“As in lots of large, unwieldy industries-such as hospitals–innovation often happens outside large, incumbent operators. ObamaCare makes competition with entrenched market actors more difficult. It will discourage experimentation with new, entrepreneurial business models in medical care. As such, ObamaCare is shaping up to be an innovation killer-something the Congress may want to consider as it mulls further changes to the nation’s health care system.”
“The crux of these cases is whether the government’s power to regulate ‘Commerce . . . among the several States’ is so broad that it can mandate that everyone buy health insurance. Judge Gladys Kessler of the D.C. district court says in her 64-page opinion that this power includes regulating even ‘mental activity, i.e., decision-making.'”
“2011 has commenced and even though New Year’s cards may still remain prominently displayed on the kitchen table, a newly implemented provision of the health care overhaul law likely has some physicians and patients across the country yearning for the good old days of 2010. As of January 1, 2011, the Patient Protection and Affordable Care Act (PPACA) states patients with flexible savings accounts (FSAs) and health savings accounts (HSAs) can no longer use these tax-sheltered vehicles to purchase over-the-counter (OTC) medicines without a doctor’s prescription. This legislation will adversely impact physicians, patients, health care costs, and flies in the face of the enabling law that established these programs.”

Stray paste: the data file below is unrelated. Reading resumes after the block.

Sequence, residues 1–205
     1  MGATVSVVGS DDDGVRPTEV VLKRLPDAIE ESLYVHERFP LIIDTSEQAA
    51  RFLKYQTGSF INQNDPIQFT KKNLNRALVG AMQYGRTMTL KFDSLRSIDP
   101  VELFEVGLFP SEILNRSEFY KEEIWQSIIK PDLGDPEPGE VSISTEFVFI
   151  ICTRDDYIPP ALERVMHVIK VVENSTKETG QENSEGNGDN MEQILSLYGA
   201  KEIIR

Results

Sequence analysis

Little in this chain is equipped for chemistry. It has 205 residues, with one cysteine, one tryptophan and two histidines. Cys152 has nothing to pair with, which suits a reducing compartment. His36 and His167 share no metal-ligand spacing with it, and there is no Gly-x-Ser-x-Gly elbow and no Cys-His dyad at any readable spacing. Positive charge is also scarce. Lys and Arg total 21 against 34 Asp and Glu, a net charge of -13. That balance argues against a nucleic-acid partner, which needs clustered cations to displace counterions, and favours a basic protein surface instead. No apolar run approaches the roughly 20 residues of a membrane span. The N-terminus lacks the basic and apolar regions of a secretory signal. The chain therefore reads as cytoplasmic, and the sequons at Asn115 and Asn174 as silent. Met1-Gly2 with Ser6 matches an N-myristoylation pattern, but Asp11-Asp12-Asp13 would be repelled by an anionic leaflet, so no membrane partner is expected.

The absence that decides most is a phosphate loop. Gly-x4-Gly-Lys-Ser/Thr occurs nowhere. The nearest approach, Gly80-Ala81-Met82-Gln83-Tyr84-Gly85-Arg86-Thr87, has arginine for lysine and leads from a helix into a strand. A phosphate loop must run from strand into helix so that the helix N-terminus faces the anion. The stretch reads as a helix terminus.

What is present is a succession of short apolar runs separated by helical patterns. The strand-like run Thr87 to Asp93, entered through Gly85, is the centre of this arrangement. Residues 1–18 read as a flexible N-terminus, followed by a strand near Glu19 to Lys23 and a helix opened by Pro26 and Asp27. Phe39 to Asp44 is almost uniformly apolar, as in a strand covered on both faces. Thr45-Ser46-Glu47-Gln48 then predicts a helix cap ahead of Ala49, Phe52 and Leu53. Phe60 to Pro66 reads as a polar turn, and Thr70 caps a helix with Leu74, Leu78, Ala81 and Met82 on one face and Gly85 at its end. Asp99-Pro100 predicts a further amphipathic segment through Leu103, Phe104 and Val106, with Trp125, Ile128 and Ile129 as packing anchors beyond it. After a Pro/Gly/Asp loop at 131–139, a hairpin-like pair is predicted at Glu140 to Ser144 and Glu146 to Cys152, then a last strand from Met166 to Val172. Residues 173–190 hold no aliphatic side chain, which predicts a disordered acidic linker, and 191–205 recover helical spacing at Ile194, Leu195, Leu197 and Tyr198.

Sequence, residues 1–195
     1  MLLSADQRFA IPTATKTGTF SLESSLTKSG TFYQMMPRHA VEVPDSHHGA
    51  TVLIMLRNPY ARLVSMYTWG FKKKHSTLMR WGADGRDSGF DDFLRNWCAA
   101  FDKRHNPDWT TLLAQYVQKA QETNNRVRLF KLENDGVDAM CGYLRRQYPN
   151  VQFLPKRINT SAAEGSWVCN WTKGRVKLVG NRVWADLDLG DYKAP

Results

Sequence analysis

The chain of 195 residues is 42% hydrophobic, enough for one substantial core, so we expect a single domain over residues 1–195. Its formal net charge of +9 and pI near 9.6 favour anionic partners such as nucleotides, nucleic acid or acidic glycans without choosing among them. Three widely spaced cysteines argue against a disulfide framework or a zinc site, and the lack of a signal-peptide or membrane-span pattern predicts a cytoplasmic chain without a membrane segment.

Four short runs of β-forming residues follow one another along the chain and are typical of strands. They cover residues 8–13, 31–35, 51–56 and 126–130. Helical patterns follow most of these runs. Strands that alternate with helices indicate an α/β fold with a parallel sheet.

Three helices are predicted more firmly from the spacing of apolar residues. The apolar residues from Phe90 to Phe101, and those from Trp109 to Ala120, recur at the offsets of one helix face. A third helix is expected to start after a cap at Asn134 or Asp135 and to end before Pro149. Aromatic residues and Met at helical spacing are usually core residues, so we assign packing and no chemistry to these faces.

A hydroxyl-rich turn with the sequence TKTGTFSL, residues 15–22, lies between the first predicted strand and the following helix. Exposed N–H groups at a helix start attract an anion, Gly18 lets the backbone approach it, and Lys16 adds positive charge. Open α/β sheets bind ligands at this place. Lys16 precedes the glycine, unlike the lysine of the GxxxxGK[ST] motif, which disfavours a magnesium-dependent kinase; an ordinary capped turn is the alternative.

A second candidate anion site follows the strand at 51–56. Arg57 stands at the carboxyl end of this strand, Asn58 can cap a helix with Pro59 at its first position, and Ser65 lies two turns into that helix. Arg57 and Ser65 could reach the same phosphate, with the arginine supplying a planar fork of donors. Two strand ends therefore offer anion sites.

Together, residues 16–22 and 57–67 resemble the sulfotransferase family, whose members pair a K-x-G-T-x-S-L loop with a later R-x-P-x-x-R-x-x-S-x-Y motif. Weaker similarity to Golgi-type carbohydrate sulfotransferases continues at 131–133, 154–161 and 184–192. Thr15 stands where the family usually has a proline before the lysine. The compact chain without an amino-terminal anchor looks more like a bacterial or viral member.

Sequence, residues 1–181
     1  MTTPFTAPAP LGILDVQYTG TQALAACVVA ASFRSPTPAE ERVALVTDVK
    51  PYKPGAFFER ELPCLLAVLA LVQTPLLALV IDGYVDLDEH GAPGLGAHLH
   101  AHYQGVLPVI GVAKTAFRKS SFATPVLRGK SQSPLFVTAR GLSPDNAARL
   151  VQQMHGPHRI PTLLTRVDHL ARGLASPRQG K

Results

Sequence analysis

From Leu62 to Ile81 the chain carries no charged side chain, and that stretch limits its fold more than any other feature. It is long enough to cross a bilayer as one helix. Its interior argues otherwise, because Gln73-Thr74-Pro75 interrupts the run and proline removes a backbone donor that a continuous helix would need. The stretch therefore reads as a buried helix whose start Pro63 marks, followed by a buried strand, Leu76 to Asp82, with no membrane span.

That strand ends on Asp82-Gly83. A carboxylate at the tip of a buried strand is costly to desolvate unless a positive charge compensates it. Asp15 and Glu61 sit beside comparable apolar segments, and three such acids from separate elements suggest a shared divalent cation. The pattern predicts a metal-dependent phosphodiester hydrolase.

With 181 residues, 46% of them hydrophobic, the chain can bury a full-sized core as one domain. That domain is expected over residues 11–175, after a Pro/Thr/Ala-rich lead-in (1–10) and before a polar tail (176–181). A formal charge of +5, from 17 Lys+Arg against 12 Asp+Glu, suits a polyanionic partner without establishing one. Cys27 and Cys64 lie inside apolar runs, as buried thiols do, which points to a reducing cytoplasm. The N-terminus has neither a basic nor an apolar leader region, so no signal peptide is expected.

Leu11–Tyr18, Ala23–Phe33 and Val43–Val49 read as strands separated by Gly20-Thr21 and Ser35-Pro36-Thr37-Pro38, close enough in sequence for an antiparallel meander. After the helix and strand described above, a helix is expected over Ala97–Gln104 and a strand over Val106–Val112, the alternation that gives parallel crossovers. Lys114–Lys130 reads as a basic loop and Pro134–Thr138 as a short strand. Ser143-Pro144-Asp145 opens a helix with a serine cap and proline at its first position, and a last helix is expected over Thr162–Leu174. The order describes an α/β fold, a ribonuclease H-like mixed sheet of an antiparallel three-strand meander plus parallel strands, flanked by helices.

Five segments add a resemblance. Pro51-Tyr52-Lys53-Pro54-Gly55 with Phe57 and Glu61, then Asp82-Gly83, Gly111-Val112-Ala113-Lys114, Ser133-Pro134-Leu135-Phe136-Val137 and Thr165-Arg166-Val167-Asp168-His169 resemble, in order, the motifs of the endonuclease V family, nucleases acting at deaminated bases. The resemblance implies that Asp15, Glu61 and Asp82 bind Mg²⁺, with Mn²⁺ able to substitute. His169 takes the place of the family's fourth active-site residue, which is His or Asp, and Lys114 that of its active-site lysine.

“The Wyden–Brown legislation is thus much less than meets the eye. In practice, it will not grant the states, especially conservative ones, the degree of flexibility that Wyden claims, nor will it defuse state resistance to major parts of the ACA.”
“It’s significant that the president is finally acknowledging that ObamaCare is unworkable and will impose enormous burdens on the states. Or is he?
A closer look shows that the president is not lifting the burdensome requirements ObamaCare imposes on states. All he’s doing is proposing to move up, from 2017 to 2014, the date on which states can apply for federal permission to impose a different but equivalently or more coercive plan to expand health insurance coverage.”
“At issue is a provision in the health-overhaul law enacted in 2010 that says states can’t limit Medicaid eligibility or else they’ll lose federal funding.
As a result, every one of the country’s 29 Republican governors has asked the federal government to waive the requirement, with New Jersey penciling a waiver into its budget. Some states with Democratic governors, including Washington, are also quietly pressing for the change.”